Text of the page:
Monday, February 21, 2011

Journey to 13.1

I really stumbled into the whole thing.

As part of our adoption process, both Kristy and I had to have full physical exams. At the time, I was not concerned about my health. I figured that the test results would say that I probably ate too many cheeseburgers and fried shrimp po-boys, but other than that I thought I'd be okay.

I went in for my physical exam in September of 2010. It turned out to be everything I thought. Other than my triglycerides being a point or two too high, the doctor said I was fine. He told me to exercise a little more and eat a little better. (Isn't this what doctors always say no matter what?)

So, that's how I began running.

I actually started off on the elliptical machine at the gym. I would work that machine for about 25 - 35 minutes to build up my endurance. I didn't mind this so much because at the gym all of the elipticals have TV's and since Kris and I don't have a TV at home, it was kind of cool to catch up on ESPN. After about 2 weeks on the ellipical, I started running 2 miles, 3 days a week. It took me about 20 minutes or so when I began. I quickly started building up my endurance until one day I invited myself on a four mile run with a friend of mine who is an avid runner. I didn't miss a beat and was able to keep up for the whole run.

That day, I decided to start training for the Rock n' Roll Mardi Gras Half Marathon that was coming up in 5 months.

This turned out to be one of the most fun decisions I have ever made. It was an amazing experience. My training consisted of running 4 days a week. I would run short runs of 3 -4 miles on Mondays, Wednesdays and Thursday and then a long run, between 8 and 12 miles every Saturday.

As I started out I was averaging about 10 minute miles. As my training progressed I was able to consistently run at 8:50 miles.

My friends, who I was going to run the race with, had already run a half marathon and had finished in 1 hour and 57 minutes. We wanted to beat that time so we came up with a schedule to help us run the race in 1 hour and 55 minutes. Each Saturday for our long runs we were consistently aiming to run 8:42 miles. On the day of our 12 mile training run, we nailed it. It took exactly 1 hour and 44 minutes, which was right where we needed to be to finish our race on time. We were definitely feeling prepared.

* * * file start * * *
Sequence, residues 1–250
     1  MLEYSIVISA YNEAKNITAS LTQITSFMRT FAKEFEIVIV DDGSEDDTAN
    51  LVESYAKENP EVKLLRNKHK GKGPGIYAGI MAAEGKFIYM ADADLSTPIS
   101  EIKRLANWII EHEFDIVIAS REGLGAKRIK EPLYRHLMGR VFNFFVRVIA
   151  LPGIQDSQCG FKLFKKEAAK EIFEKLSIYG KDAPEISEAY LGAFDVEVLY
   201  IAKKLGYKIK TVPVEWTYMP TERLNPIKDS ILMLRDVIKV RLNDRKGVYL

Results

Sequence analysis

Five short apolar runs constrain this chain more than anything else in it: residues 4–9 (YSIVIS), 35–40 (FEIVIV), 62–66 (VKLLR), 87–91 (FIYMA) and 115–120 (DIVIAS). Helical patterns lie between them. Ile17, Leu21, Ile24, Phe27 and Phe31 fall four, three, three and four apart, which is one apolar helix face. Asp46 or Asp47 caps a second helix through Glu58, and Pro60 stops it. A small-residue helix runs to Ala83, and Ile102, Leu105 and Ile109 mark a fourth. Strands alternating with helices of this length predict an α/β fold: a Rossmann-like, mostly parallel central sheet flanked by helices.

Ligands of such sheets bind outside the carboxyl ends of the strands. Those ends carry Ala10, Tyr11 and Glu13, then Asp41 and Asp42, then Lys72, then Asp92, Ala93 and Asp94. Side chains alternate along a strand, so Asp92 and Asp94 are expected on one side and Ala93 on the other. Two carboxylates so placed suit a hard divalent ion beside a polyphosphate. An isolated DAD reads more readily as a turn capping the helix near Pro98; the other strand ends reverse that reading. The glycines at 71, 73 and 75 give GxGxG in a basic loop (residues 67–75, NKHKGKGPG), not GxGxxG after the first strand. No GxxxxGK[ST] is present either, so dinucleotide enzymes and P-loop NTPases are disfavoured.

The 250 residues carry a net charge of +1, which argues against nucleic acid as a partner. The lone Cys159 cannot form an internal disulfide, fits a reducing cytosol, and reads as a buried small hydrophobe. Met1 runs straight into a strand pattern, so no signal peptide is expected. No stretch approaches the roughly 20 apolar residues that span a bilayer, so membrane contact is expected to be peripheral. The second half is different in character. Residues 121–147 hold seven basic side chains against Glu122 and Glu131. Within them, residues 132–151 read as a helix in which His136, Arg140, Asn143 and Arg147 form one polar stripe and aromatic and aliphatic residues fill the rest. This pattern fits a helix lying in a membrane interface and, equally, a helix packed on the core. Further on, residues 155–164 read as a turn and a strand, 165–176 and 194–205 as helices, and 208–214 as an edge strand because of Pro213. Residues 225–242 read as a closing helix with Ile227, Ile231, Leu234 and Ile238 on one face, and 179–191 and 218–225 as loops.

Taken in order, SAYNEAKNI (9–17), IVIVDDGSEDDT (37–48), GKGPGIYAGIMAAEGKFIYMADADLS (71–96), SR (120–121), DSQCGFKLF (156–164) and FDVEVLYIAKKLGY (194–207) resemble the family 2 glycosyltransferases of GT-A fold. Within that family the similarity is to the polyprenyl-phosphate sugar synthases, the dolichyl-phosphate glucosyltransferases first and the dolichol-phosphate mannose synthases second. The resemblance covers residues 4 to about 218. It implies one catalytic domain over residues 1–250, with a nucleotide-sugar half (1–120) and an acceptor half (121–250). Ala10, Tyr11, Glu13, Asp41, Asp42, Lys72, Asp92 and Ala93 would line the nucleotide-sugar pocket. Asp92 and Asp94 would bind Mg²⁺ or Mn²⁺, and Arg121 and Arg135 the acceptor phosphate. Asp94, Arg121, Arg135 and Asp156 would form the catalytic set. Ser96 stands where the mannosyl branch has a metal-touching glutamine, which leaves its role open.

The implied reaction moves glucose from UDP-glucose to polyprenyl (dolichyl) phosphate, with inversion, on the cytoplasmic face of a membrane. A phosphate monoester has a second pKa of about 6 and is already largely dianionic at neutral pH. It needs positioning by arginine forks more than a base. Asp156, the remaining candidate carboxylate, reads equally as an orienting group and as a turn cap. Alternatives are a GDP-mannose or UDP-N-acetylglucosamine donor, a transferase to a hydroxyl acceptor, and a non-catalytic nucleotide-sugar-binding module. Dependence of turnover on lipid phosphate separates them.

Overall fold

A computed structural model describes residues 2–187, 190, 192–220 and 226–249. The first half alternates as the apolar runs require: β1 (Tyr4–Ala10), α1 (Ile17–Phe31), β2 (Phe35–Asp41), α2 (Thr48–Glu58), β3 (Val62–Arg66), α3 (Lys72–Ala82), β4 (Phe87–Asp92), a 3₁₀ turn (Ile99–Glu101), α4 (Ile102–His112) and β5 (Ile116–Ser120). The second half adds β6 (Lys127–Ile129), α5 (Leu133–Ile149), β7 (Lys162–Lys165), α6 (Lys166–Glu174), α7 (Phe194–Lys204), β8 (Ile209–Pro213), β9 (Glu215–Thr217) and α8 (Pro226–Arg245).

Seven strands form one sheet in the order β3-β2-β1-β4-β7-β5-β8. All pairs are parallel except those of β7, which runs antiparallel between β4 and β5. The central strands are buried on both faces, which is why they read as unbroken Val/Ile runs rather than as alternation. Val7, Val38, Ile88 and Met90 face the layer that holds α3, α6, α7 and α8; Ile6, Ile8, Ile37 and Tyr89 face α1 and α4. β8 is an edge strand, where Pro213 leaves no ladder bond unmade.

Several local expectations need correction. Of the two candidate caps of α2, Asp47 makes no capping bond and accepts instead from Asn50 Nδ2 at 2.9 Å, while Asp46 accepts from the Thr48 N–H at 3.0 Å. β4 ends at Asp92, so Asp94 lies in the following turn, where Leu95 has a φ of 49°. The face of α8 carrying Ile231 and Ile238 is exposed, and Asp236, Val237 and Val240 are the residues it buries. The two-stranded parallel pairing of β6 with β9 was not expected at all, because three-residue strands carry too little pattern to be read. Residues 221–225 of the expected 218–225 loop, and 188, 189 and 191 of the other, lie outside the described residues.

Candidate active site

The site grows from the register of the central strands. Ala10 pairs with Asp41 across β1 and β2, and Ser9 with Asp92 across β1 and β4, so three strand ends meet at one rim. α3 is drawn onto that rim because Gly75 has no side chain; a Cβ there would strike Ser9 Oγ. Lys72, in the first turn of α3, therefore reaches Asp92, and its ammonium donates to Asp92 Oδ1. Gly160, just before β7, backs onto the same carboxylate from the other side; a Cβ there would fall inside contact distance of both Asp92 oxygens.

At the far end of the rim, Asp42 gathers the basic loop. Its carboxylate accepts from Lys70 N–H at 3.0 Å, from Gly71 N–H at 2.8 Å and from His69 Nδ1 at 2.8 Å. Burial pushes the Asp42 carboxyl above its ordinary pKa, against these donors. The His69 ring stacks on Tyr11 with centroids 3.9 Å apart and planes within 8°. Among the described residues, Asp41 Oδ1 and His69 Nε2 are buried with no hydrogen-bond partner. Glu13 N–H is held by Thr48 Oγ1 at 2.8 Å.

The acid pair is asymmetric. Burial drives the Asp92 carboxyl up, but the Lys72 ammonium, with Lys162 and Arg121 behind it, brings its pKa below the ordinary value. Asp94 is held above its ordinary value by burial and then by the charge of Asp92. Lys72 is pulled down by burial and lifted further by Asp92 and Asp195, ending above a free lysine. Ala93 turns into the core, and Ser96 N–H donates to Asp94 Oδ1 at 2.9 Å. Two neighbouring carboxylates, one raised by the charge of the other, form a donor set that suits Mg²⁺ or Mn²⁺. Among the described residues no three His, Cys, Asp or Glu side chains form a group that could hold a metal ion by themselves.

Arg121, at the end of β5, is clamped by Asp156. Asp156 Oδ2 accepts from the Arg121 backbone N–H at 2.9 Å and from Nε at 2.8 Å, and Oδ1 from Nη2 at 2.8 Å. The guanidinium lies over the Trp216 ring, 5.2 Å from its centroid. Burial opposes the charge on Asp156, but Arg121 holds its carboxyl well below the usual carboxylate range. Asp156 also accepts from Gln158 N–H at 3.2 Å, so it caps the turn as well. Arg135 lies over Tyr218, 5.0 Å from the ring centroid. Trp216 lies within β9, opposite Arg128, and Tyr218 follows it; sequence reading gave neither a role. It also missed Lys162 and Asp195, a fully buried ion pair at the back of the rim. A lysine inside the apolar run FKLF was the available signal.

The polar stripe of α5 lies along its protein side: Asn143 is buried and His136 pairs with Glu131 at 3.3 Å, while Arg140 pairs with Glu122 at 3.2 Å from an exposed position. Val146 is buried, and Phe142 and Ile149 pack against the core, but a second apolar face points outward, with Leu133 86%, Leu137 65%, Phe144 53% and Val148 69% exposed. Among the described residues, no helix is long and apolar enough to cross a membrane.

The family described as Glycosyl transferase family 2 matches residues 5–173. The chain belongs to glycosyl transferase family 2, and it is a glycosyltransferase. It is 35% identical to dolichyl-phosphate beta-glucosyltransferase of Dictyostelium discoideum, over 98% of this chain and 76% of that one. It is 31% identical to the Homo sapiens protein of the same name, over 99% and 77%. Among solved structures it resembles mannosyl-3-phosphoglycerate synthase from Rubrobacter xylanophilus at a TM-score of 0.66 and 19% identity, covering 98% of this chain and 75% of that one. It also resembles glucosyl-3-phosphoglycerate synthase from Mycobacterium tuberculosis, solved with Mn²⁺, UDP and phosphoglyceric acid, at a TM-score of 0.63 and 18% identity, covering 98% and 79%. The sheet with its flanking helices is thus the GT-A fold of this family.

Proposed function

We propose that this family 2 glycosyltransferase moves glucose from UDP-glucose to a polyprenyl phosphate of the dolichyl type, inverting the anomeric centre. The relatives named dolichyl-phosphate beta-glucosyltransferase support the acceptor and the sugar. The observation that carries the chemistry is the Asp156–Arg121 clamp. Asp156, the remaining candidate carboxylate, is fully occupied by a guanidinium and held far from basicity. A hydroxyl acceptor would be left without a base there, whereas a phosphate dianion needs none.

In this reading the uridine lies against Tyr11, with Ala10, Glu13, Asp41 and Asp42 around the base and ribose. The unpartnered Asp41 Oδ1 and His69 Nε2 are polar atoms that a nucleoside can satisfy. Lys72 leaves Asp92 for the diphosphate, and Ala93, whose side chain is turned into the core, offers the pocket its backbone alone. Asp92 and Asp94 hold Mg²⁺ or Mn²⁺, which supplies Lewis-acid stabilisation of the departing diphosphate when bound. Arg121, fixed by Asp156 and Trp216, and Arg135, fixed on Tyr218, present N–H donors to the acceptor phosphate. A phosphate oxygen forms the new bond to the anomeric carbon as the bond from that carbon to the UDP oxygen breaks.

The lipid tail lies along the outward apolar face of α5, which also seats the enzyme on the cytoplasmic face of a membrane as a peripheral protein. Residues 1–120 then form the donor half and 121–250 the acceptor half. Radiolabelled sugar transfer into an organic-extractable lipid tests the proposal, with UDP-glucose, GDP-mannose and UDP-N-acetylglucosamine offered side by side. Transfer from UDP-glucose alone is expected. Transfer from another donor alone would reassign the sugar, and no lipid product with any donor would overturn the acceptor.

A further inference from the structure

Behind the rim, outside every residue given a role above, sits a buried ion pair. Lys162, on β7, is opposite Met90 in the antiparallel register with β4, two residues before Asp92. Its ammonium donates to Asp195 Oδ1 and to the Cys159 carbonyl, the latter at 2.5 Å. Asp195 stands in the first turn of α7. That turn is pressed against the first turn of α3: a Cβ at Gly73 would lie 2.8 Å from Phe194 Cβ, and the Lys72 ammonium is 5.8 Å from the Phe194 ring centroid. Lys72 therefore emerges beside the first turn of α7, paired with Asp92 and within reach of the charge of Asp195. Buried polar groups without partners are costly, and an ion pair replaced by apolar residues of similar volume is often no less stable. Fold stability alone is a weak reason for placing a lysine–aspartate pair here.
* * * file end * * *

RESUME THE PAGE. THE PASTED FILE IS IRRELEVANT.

The overall experience was fantastic. I hurt myself twice during my training which led to me missing about 3 training runs. I tweaked my back one day and landed in the chiropractors office within hours. He fixed me up good and had me back in my running shoes within about 3 days. The other injury was a mild foot injury, but I believe that was simply due to the increase in mileage that I was experiencing.

Throughout my 5 months of training, here are a couple of things that I learned:

1. I found that I run much better in cold weather than hot weather and I run very fast when temperatures are below freezing before the sun rises.

2. I run better to music than I do to podcast.

3. Whenever my run mix lands on tracks by Eminem or Rocky soundtrack tunes, my pace picks up considerably and I play the air drums.

4. Running on a treadmill is misery compared to running outdoors.

5. I actually love running and had no idea for a long time.

6. Above everything else, I learned that running with friends is much more fun than running by myself. This in turn has caused me to re-evaluate all things that I have always done by myself. There's something very beautiful about sharing life with others.

I'll post soon about race day and how we beat our desired time.

Thursday, February 10, 2011

What Do Your Tweets Say About You?